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    July 2010

    Pastures New

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    ExEcutivE summary 3

    thE ProblEm with soy 4

    lEt thEm Eat grass: why graziNg is kEy 6

    Beef cattle and grass 6Case study: sustainable beef 6Dairy cattle and grass 6 Case study: sustainable dairy 7Sheep and grass 7Upland grazing 7 Case study: upland grazing 7

    lifE aftEr soy: thE casE for homE-growN altErNativEs 8

    Case study: sustainable pigs 8Soy alternatives pigs 9Soy alternatives poultry 9 Case study: sustainable chickens 9

    strENgth iN NumbErs: how much soy could bE rEPlacEd? 10

    challENgEs 11

    thE way forward 12

    aPPENdicEs 14

    rEfErENcEs aNd NotEs 15

    about this report Friends of the Earth has commissioned the Royal Agricultural College (RAC) to:

    Explore the potential for home-grown alternatives to soy

    Assess the effect of specific policies relating to animal feed.

    This report summarises the RACs key findings as well as drawing on Friends of the Earths own research. It includes case studies to illustrate planet-friendly farming in action.

    Pastures New is aimed at farmers, policy makers, campaigners and MPs, but will prove essential reading for anyone interested in food and the environment.

    It concludes with a series of recommendations, mainly to Government, to achieve a more sustainable future for livestock farming in the UK. Friends of the Earth, July 2010


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    Livestock farming is one of the most significant contributors to global environmental damage yet in the UK we are doing little about it.

    Central to the problem is our reliance on imported soy for animal feeds. This comes mostly from South America, where rainforests and grasslands are being ripped up to make way for soy plantations or for beef ranching which has been displaced by soy plantations.

    This report draws on new research that shows the barriers to replacing soy are not so much the nutritional needs of animals or what can be grown in the UK but a lack of policy and market incentives for farmers to change.

    It also outlines solutions that would ensure a thriving UK livestock sector at the same time as reducing its massive global impacts.

    key issues, findings and recommendations Livestockfarminggloballyis

    responsible for 18 per cent of greenhouse gas emissions.

    LivestockfarmingintheUKisdependent on soy in animal feeds. The expansion of soy plantations for animal feeds in Europe is helping to drive the destruction of South American rainforests and other important habitats.

    Therearemanyalternativeanimalfeed crops that would meet the requirements of UK livestock.

    NewresearchbytheRoyalAgricultural College (RAC) for Friends of the Earth shows that 50 per cent of soy meal currently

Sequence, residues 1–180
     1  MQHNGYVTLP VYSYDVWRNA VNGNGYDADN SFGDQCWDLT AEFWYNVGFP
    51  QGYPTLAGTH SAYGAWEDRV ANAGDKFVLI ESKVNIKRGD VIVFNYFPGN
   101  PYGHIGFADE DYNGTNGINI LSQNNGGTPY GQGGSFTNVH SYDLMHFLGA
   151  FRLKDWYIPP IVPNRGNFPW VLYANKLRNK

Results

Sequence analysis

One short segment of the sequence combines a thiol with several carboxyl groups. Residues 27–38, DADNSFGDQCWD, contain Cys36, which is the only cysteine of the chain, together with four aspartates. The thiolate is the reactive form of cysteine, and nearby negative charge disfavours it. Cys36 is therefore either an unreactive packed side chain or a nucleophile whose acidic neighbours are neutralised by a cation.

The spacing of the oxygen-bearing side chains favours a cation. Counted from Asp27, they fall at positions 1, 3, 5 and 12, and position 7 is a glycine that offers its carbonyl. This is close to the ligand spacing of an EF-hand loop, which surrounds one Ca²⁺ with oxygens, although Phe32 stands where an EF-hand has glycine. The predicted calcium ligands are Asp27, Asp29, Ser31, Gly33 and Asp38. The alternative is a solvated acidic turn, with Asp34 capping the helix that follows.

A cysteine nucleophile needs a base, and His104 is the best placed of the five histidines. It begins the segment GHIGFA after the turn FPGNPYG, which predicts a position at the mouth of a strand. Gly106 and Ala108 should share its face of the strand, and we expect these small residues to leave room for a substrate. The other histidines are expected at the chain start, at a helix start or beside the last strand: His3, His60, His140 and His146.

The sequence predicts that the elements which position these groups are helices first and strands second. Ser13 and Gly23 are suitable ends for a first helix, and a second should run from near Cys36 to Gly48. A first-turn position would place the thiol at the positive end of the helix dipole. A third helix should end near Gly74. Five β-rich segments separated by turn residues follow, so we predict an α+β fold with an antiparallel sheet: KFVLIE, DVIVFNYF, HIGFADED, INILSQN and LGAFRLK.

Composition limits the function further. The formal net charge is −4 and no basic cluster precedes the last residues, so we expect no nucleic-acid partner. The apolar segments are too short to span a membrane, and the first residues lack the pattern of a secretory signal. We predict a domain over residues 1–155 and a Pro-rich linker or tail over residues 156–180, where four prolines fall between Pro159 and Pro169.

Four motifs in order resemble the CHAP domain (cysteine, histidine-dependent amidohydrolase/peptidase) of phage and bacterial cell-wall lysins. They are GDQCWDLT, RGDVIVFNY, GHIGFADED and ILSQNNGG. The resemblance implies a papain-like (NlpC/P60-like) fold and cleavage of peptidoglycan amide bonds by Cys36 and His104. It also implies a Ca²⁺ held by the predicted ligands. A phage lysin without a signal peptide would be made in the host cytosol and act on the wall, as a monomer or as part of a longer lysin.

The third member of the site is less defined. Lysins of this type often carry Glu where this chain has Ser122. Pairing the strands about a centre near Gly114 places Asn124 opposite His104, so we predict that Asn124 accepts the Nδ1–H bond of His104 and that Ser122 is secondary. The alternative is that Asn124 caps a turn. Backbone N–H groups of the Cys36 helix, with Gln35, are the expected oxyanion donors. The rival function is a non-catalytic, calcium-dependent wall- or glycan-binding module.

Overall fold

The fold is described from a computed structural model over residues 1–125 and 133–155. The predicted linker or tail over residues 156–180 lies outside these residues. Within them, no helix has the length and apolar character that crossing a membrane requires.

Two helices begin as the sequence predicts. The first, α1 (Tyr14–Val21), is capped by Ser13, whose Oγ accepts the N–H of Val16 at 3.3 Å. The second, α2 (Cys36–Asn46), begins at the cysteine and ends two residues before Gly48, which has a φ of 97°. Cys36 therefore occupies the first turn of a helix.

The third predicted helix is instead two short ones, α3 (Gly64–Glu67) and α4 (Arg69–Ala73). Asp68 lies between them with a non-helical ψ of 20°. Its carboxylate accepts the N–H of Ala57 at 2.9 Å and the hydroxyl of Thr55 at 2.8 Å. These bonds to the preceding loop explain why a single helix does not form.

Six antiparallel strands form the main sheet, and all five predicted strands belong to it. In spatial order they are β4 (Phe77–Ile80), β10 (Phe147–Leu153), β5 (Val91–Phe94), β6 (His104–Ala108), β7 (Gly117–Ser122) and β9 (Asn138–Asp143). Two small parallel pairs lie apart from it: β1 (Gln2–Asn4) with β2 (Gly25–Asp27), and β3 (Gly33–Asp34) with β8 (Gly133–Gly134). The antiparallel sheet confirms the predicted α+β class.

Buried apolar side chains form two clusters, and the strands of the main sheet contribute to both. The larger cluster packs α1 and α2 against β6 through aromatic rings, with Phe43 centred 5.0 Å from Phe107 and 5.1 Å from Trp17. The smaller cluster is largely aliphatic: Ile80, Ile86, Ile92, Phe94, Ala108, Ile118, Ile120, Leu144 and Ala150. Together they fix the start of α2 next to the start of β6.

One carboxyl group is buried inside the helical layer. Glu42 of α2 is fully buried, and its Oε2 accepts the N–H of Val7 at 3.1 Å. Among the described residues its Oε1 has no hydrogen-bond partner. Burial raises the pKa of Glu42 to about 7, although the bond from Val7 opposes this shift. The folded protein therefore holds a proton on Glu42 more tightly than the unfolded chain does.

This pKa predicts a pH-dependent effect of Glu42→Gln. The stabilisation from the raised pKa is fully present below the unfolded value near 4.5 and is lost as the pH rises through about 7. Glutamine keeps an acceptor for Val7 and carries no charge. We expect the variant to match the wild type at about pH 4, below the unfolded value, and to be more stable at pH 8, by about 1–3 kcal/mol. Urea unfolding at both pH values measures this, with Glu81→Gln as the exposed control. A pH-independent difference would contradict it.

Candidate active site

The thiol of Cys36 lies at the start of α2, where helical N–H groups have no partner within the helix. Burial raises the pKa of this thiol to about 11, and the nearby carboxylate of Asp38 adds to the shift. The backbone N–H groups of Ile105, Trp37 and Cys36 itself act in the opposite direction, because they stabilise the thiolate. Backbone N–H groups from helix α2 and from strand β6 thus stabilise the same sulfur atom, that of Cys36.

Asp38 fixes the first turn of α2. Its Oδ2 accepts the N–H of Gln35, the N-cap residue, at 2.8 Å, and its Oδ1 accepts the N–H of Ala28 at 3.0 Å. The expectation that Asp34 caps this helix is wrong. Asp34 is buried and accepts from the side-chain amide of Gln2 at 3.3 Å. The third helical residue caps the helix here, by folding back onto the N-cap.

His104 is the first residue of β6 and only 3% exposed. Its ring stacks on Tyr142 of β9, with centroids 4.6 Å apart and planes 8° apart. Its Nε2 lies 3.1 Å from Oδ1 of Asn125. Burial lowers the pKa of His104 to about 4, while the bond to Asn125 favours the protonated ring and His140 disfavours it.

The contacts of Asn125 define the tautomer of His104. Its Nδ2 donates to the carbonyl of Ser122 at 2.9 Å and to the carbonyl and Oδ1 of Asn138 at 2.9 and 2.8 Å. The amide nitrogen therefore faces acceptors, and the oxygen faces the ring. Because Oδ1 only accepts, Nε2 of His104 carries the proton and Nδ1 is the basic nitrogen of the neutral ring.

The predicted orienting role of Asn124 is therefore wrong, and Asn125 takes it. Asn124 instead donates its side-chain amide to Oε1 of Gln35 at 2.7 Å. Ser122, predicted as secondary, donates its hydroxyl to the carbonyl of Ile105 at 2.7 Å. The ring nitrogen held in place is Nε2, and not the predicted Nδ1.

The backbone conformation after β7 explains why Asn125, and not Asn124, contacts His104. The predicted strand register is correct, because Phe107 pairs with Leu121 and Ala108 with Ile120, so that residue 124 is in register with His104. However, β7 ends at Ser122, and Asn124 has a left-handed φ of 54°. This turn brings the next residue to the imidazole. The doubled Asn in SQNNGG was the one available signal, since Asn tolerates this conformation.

used for animal feed in the UK could be directly replaced by home-grown alternatives. This would require 8 per cent of UK arable land.1

    Ourrelianceonsoycouldbereduced further if meat and dairy consumption was reduced in line with healthy eating guidelines. Reduced consumption need not damage the UK livestock industry, and would allow farmers to get off the treadmill of intensive production.

    Somefarmersareleadingtheway in finding alternatives to soy. But while prices remain low, most are unlikely to demand home-grown alternatives.

    Thereisanimminentthreattoexistingsupplies of UK feeds because the subsidy paid to growers of protein crops is due to end in 2012.

    TheGovernmentshoulddomoreto support environmentally friendly farming. It should switch the huge amount of taxpayers money that goes into intensive livestock production to sustainable farming.

    Aswellaspolicyandmarketincentives, there will be specific requirements for infrastructure, advice and further research to make transformation possible.

    TheGovernmenturgentlyneedsto set out a strategy for reducing the global impacts of livestock production. It must ensure that it does not simply export problems elsewhere.

    in a nutshell: the food chain campaignThis report is a key plank of Friends of the Earths Food Chain Campaign. The campaign aims to highlight the link between intensive factory farming in the UK and destruction of the South American rainforest and other vital habitats. In order to preserve the worlds natural life support systems such as the Amazon rainforest and successfully get to grips with climate change, we need to tackle intensive livestock farming.

    Friends of the Earths Food Chain Campaign is calling on the Government to commit to:

    A new law Measure and then reduce the global environmental impacts of the UKs consumption of meat and dairy products.